How to Select the Best Mode for a Survey: Target Sample Size

How to Select the Best Mode for a Survey: Target Sample Size

How to Select the Best Mode for a Survey

What is the Target Sample Size?

The desired number of survey completes is called the target sample size and is often referred to as the ‘n’ size on the project (e.g., a sample size of 200 respondents is the same thing as saying 200n.) The achievable number of completes is called feasibility. Now that we’ve explored how the target audience impacts mode selection in our previous post, we can take that knowledge on who the target population is and apply it to how many among the target population we are seeking. Therefore, this post doesn’t just look at sample size but rather considers three aspects in tandem:

           1. Population size
           2. Incidence rate
           3. Sample size 

To think about feasibility, it’s helpful to imagine a funnel. The population is at the mouth, and the sample size comes out of the bottom part of the funnel. As such, the inputs and outputs are relative. A “large” sample size of one audience may be a “small” sample size of another. 

There is a funnel effect for nearly every web survey because only a portion of the people we invite will end up completing the full survey. To plan how many invitations it will take to yield the desired sample size, we consider the response rate and incidence rate.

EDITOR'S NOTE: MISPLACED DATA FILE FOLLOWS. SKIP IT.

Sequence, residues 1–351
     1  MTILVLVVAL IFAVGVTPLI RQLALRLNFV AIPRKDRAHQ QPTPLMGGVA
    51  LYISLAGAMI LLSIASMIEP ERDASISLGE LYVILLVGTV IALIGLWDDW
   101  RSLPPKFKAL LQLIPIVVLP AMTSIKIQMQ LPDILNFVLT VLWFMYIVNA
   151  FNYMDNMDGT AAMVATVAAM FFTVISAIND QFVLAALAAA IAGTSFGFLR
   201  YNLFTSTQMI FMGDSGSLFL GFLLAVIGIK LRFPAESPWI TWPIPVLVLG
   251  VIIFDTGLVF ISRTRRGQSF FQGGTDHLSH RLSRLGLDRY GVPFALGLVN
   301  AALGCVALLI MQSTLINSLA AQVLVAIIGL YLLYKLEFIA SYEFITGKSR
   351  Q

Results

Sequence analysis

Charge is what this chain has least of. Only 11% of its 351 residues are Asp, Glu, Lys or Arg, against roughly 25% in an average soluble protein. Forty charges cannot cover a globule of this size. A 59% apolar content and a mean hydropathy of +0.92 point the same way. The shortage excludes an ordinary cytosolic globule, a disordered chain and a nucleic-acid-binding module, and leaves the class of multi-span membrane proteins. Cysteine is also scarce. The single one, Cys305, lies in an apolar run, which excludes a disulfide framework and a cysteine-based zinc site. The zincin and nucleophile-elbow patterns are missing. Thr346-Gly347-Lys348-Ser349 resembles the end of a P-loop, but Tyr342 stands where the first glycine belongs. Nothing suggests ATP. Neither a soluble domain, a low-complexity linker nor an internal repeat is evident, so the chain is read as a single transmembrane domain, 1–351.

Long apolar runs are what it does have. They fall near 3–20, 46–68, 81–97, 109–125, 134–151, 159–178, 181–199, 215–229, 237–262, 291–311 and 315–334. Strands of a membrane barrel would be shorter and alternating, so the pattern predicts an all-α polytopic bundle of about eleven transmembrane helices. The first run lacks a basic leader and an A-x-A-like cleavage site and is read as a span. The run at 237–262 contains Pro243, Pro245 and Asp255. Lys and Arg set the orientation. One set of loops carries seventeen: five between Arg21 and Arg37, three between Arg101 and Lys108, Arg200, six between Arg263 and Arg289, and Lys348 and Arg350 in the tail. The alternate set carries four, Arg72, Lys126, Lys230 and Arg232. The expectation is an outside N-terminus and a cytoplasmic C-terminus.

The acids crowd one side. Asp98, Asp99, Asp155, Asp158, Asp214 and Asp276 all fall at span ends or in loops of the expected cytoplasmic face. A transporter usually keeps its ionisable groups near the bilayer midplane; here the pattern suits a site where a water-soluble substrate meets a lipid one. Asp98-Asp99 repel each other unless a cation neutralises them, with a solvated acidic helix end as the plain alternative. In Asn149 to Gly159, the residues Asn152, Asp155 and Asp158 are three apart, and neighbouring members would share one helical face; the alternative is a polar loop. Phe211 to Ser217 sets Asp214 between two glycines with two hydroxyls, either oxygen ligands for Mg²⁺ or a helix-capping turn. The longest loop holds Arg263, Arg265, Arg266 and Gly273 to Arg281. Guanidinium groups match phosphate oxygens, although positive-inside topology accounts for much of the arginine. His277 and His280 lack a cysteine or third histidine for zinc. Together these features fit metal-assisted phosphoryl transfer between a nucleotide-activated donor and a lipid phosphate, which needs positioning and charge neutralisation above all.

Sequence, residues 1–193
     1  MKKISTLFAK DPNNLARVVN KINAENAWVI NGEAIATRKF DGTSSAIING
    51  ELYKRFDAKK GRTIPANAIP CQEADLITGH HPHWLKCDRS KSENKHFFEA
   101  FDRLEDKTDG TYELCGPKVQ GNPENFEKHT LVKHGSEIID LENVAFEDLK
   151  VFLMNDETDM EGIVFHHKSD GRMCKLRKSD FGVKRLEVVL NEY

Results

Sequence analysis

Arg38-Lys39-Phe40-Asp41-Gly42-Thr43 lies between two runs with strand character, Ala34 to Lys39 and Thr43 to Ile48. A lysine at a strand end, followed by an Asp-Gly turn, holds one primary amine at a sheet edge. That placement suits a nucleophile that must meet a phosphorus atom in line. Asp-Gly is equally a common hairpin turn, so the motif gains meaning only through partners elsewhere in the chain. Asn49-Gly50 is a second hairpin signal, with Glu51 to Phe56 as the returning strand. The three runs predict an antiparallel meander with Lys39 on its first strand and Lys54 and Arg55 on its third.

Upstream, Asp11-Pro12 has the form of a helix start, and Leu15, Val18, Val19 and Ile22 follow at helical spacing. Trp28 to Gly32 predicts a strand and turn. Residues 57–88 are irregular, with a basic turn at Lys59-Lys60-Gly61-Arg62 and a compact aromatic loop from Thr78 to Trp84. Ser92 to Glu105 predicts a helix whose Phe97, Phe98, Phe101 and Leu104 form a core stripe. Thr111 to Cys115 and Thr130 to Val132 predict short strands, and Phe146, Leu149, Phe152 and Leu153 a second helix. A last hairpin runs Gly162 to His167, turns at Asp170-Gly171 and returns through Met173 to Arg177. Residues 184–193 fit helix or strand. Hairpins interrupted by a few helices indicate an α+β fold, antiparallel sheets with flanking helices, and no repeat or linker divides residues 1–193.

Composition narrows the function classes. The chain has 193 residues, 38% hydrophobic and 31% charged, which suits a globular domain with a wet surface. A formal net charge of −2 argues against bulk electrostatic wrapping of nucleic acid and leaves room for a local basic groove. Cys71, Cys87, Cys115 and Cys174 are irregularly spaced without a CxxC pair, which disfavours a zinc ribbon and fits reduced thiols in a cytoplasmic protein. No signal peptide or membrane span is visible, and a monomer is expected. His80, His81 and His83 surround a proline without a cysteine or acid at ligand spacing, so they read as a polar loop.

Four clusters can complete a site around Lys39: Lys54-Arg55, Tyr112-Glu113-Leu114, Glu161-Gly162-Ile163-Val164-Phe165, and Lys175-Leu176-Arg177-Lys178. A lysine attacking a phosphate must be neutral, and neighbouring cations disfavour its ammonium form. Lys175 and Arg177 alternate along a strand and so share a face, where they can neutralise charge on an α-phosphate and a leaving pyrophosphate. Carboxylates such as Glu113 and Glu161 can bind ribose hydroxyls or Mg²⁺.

Response Rate: The percent of invited participants who click into the survey. People’s interest levels, time commitments, and inbox clutter all vary, so we can’t assume everyone will respond to our invitation. 

Incidence Rate (also known as IR or Qualifying Rate/QR): The percent of respondents who make it through the screeners. This is just a measure of the number of people who qualify divided by the number of people who entered the survey. A high IR may be 70% or more, while a low IR is 30% or below. In our last post, we discussed qualifying rate and how “targetable criteria”, which varies by panel, impacts the incidence rate. 

Online surveys seem to make the most sense for large sample sizes. Certainly, an online mode is more efficient because it involves a reduced number of man-hours per outreach. It’s possible to send an email invitation to many hundreds or thousands of people at once, whereas a phone-based approach is comparatively more time consuming. If both online and phone modes are equally appropriate for an audience, the online option will often be more efficient and less expensive, which is one of the reasons web surveys have become increasingly popular. 

Web surveys are optimal for an audience that can be well-targeted using the panel’s pre-identified attributes resulting in more accurate IR estimates and more targeted sampling. 

Takeaway: Online outreach is very efficient for large n projects, so long as the audience is relatively “easy” to target. 

While web surveys may be effective for some projects with large sample sizes, an online mode may not work in all cases. To illustrate the effect of our three factors (population size, IR, and sample size,) we have created a visual representation of the ease or difficulty of online fielding. The darkest green indicates the easiest to field online, while the darkest red indicates the most difficult to field online. No numbers are included, as they would all be relative to each other. This is more of a heuristic than a calculator.